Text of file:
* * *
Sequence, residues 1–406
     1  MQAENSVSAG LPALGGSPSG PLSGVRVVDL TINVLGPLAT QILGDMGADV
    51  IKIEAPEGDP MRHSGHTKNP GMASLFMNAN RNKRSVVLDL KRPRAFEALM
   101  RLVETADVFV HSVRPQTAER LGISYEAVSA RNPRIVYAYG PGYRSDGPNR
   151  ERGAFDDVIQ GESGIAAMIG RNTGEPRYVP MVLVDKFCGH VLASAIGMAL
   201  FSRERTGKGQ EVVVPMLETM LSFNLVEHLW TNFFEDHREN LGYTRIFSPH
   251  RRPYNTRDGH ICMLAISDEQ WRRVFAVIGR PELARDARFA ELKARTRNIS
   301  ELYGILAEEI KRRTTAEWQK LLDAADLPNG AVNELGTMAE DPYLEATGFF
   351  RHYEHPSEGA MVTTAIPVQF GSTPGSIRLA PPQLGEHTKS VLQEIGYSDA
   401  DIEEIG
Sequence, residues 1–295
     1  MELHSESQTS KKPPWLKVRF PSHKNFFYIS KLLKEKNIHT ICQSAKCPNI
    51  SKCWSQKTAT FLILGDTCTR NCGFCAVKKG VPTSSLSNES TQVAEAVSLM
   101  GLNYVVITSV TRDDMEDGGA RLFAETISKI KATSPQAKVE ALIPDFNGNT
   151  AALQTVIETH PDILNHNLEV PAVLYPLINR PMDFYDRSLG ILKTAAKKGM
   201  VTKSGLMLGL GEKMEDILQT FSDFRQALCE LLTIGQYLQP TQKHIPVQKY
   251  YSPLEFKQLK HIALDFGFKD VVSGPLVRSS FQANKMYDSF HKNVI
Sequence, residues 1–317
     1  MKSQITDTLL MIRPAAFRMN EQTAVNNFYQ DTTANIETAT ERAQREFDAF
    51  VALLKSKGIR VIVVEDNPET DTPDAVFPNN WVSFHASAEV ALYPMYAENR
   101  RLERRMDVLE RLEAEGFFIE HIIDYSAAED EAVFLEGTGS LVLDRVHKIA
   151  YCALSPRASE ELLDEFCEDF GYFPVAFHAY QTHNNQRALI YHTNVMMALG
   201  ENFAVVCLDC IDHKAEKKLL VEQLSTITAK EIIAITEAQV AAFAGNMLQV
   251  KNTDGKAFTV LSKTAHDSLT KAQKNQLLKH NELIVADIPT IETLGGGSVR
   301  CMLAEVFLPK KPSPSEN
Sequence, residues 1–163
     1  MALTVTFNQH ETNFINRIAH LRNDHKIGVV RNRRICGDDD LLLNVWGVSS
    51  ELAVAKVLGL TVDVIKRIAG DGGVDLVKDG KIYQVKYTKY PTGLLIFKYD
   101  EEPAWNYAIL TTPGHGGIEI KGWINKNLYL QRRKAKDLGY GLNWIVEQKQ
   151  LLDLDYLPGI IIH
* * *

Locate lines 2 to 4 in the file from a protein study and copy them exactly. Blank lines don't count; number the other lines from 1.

     1  MQAENSVSAG LPALGGSPSG PLSGVRVVDL TINVLGPLAT QILGDMGADV
    51  IKIEAPEGDP MRHSGHTKNP GMASLFMNAN RNKRSVVLDL KRPRAFEALM
   101  RLVETADVFV HSVRPQTAER LGISYEAVSA RNPRIVYAYG PGYRSDGPNR